- Research article
- Open Access
Driving behaviour in adults with attention deficit/hyperactivity disorder
BMC Psychiatry volume 15, Article number: 175 (2015)
Little is known about the impact of cognitive impairments on driving in adults with ADHD. The present study compared the performance of adults with and without ADHD in a driving simulator on two different routes: an urban route which we hypothesised would exacerbate weak impulse control in ADHD and a motorway route, to challenge deficits in sustained attention.
Adults with (n = 22, 16 males) and without (n = 21, 18 males) ADHD completed a simulated driving session while eye movement data were recorded simultaneously. Participants also completed the Manchester Driving Behaviour Questionnaire (DBQ) and the Conners Adult ADHD Rating Scale (CAARS). Measures of driving performance included average speed, proportion distance travelled over speed limit (speeding) and lane deviation. These variables and the eye movement measures (spread of fixations, mean fixation duration) were compared between groups and routes. Also, driving behaviours, including responses to programmed events, were categorised and the frequencies within categories were compared between groups. Finally, speech analysis was performed to compare emotional verbal expressions during driving between groups.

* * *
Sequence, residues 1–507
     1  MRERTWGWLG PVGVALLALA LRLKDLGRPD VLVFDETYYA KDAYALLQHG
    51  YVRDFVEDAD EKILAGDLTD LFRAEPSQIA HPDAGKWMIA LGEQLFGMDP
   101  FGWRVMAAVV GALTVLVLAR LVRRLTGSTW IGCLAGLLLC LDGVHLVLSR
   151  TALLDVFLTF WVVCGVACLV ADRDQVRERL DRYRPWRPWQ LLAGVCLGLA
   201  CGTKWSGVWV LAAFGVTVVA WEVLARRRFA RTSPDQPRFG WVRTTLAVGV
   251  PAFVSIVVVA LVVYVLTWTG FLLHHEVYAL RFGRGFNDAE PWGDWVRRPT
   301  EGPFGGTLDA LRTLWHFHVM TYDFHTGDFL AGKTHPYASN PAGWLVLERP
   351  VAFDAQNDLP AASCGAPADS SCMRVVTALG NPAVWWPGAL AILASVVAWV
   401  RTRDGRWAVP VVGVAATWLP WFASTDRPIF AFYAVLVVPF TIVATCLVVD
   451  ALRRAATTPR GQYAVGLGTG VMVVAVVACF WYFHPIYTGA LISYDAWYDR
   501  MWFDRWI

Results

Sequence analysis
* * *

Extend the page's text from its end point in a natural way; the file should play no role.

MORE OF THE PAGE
ADHD participants reported significantly more Violations and Lapses on the DBQ than control participants and significantly more accidents. Average speed and speeding were also higher but did not interact with route type. ADHD participants showed poorer vehicle control, greater levels of frustration with other road users (including greater frequencies of negative comments) and a trend for less safe driving when changing lanes/overtaking on the motorway. These effects were predicted by hyperactive/impulsive CAARS scores. They were also more likely to cause a crash/near miss when an event occurred on the urban route.